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Sharing your opinion is about much more than just voting in an election. It's about challenging perceptions and initiating discussion. It's about contributing to debates and acting as a driving force for change. It's about standing up for whatever you believe in - making your voice heard.
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Opinion: Time For A Change In UK Politics?

Opinion: Time For A Change In UK Politics?

Leaver or Remainer? Tory or Labour? None of it matters! What does matter is the UK is, apparently, sleepwalking towards a ‘no-deal’ Brexit which, according to economists, industrialists and the government’s own impact statements, will be a disaster for the UK. Theresa May, whose hopelessly weak leadership of the Tory Party, itself,  in any case,  split from top to bottom over the question of Europe, seems to have no credible plan as to how to implement Brexit. Jeremy Corbyn’s Labour Party is equally split on Europe – and a number of other issues – and have, so far, simply nodded through the Tory plans. The Lib-Dems on one side are shouting, perhaps whispering is a better word, to stop Brexit altogether while UKIP are being very vocal in demanding an immediate exit from Europe no matter what the consequences and the DUP just sit there saying “NO” very loudly to everything. Only the Greens, the SNP and Plaid Cymru side with the Lib-Dems in their absolute opposition to Brexit. In the middle of this maelstrom sit the UK public, largely powerless and totally frustrated no matter what their wishes are.

 

While the Tory government, aided by Labour, lead us towards the metaphorical ‘cliff-edge’ all that we see are political parties whose MP’s are jockeying for position as they wait for the inevitable party leadership contests and General Election – who will manage to clamber over their erstwhile ‘friends’ to climb to the top of their already divided party? In an upside-down political world where Jacob Rees-Mogg (Conservative member for North East Somerset)  and Frank Field (Labour member for Birkenhead) both seek the same outcome, albeit for different reasons, where does this leave the average UK voter? It leaves them angry and frustrated, in a  no-mans-land where none of the mainstream parties represents them nor, appears, to have any interest in them which is a rare achievement in UK politics.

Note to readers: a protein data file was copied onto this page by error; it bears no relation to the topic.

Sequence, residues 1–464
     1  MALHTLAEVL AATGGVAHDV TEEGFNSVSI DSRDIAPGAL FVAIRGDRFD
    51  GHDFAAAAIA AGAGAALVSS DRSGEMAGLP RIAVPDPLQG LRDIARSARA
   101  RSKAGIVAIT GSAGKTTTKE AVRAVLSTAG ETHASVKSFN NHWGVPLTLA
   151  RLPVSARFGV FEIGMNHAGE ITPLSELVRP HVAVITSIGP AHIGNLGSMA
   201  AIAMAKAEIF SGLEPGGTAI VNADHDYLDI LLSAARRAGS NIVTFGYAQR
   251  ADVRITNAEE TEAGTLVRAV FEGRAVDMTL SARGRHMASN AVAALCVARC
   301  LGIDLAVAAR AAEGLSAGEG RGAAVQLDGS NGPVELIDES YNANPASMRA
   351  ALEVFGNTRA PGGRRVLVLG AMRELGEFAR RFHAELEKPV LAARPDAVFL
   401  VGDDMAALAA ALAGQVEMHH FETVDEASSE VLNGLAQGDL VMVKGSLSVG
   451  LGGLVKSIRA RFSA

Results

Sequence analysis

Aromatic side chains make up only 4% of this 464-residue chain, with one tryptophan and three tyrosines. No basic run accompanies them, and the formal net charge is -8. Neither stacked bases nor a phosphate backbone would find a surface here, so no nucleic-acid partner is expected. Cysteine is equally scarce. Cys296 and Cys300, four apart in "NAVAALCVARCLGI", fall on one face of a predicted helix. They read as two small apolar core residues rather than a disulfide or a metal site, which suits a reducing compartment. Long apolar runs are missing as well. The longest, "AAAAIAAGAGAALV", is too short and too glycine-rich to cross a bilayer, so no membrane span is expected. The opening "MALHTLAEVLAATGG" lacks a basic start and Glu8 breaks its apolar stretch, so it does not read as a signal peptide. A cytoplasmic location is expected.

Various individuals keep bubbling to the surface, Labour’s Keir Starmer tells us that a ‘Peoples Vote’ may be ‘on the table’, Dominic Greave leads a short-lived Tory revolt before caving in and voting against his own amendment,  Lord Adonis has taken to calling himself just plain ‘Andrew’ to prove that he is a man of the people, Chuka Umunna, David Lammy and even Sadiq Khan keep complaining at both Tory and Labour inaction and yet none of them are offering any plan, other than a ‘People’s Vote’, in the hope that it might just save the UK from total self-destruction.

 

The main issue in the Brexit row is that party leaders, being the type of people that they are, wish to secure a place in history, a legacy, something that the historians will write about in the future. In both May and Corbyn’s case, we have leaders who are driven by ideology and are intent that their place in history will be that they lead the UK out of the European Union rather than the only other alternative which is that they destroyed their respective political parties. Yet this is no real choice, splits go so deep in both parties that it is doubtful that neither May nor Corbyn will remain party leaders after Brexit nor that their respective parties will remain intact. It is time that these old, ‘yesterday’s people’ (including Vince Cable for that matter) put their egos to one side and stand down in favour of some form of unity government lead by a younger generation of politicians who can more easily understand the hopes and dreams of our young people not just over Brexit but a wide range of issues rather than being shackled to old-fashioned and outdated political dogma.

 

One of the issues is, of course, that to be a Member of Parliament you do not actually have to have any actual ability like you expect when you are drawing a £77,000 a year salary (plus expenses of course) all you have to be is a loyal member of the “Party”. Having become an MP the same party that put you there can easily get rid of you so when you look at your salary hitting the bank account who is going to be first in line to wreck your Party?

 

Talk of a new centrist party is met with horror from both Tories and Labour amid fears that it will ‘let  the other party into power’ by splitting the Tory or the Labour vote or, just maybe, it will draw in those in the centre of both parties and allow a rainbow coalition that can form a credible foil to the two old-fashioned parties and come up with progressive and innovative policies on Europe, climate change and in other vital areas. May can retire on her husband’s substantial income and go walking in the countryside while Corbyn can carry on tilting at windmills like Don Quixote whilst pottering on his allotment or whatever they want to do, however, in the meantime, some real political effort is put into getting the UK out of the quagmire in which it finds itself.

 

It has taken too long coming but perhaps Bob Dylan’s words from 1964 should, finally, be heeded:

‘Your old road is rapidly ageing

Please get outta’ the new one if you can’t lend your hand

For the times they are a-changin’

 

David Hearn is a Post Graduate student at the University of Liverpool

26th August 2018.

 

 

 

 

 

 


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